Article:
Review - Promised Land
- Written by Paul Hantiuk
I was comfortable in my seat at the Hyland Cinema and all set to call Gus Van Sant’s new film Promised Land (2012) a solid if minor piece of work. That was about three quarters of the way through the film, and then it unraveled with an incredibly silly twist ending and Oscar-bait speech by one of its leads. Tough to tackle these complaints head on without creating spoilers, but while they are a bit hard to swallow, I don’t think they completely sink the film. I have to say, though, the reveal at the end is executed shockingly clumsily. A character does an about-face with about as much subtly as someone whipping off a rubber mask on the old Mission Impossible TV show.
I always get nervous when I see the names of movie stars signing off on a screenplay credit. Granted, writer David Ellin gets a story credit here, which does make me wonder how much of this was really an Ellin blueprint that actors Matt Damon and John Krasinski helped colour-in with the words that come out of their characters' mouths. Damon is right at home playing ambitious corporate salesman Steve Butler, a man who is on the verge of a big promotion at Global Crosspower Solutions, contingent on him pulling off one more job in the field. His job (with Frances McDormand in tow as his colleague) is to pitch natural gas drilling to townsfolk and get them to sign over the rights to their land. Butler himself was born in a small farming community and relies on this innate knowledge of rural life to play to the emotions as part of his sales persona.
Damon’s campaign meets a number of obstacles. First, when a high school science teacher (Hal Holbrook) stands up at a town meeting to decry the potential dangers of natural gas drilling or ‘fracking.’ Second, when a charming environmentalist named Dustin (Krasinski) shows up with a persuasive bit of evidence that puts Global in a bad light and turns the town against Damon’s efforts to get the town to vote for natural gas. Finally, the two men get involved in a bit of a love triangle with another local teacher played by Rosemarie DeWitt with plenty of endearing charm.
This setup is fine enough. The characters are introduced competently and the fish out of water parts of the story work well. There’s even some humor in the relationships that develop between the film’s coterie of characters. Those character moments keep the film afloat I think. There’s also the fact that Van Sant masterfully lulls the viewer into a small town state of mind with his lush green photography of the farmland. The sun comes through the trees as it sets on the horizon and the protagonists drive by the rolling pastures. His editing pace is also deliberately brought to a graceful slow tempo. I would imagine the average shot length here is much longer than the average film of the day.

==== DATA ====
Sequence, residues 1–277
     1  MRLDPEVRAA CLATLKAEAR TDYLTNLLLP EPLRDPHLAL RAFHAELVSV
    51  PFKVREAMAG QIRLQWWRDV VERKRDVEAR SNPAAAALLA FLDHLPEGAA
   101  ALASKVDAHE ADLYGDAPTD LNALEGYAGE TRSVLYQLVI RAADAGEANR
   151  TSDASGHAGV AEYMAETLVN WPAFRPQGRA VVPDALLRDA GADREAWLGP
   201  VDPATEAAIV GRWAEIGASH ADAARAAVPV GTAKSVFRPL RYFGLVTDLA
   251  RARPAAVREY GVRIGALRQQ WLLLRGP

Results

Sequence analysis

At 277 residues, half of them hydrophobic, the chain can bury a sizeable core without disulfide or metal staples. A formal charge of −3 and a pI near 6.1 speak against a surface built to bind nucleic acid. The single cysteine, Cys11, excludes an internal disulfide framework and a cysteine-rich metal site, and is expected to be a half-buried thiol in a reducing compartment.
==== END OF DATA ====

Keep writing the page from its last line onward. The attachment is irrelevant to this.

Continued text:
There are a lot of problems though, which prevent me from giving this film a wholehearted recommendation. Most of them are in the final act, but there’s also the fact that Krasinski is, I’m afraid, not very good in his role. He’s most well known for his work on the American version of The Office, and he really has the exact same soft smart-alec delivery here. He’s Jim Halpert with a pickup truck and I didn’t believe his performance for a second.
The film also requires that the characters take some pretty big leaps and have sea changes in their moral positions over the course of the narrative. This means the film has to hinge on some syrupy speeches where the ethical dilemmas start coming out of the characters' mouths in overwritten monologues that are unsubtle and a little preachy.
Nonetheless, I like the way Van Sant framed this film and I do think he succeeded in giving this drama a sense of place that grounds the events. Damon was originally going to direct this project himself, but I’m glad he turned over the reigns to a more seasoned director. Without that sense of rural atmosphere, this film could have been unbearable. As an actor though, Damon again proves to be one of the best leading men of his generation. He wears the strain of Steve Butler’s questioning of his own position in life quite convincingly and is believable as an ordinary guy instead of a star doing a pose.
Van Sant has made an eclectic bunch of films over his career including some really bold ones but also some sentimental commercial dramas like Good Will Hunting and Finding Forrester. This is a film like those, but not as good as either. Maybe those examples will help you decide whether or not this is worth the time to go and see. I could go either way on this one.
(Out of 4 Stars)
Paul Hantiuk is a local film enthusiast and occasional freelance writer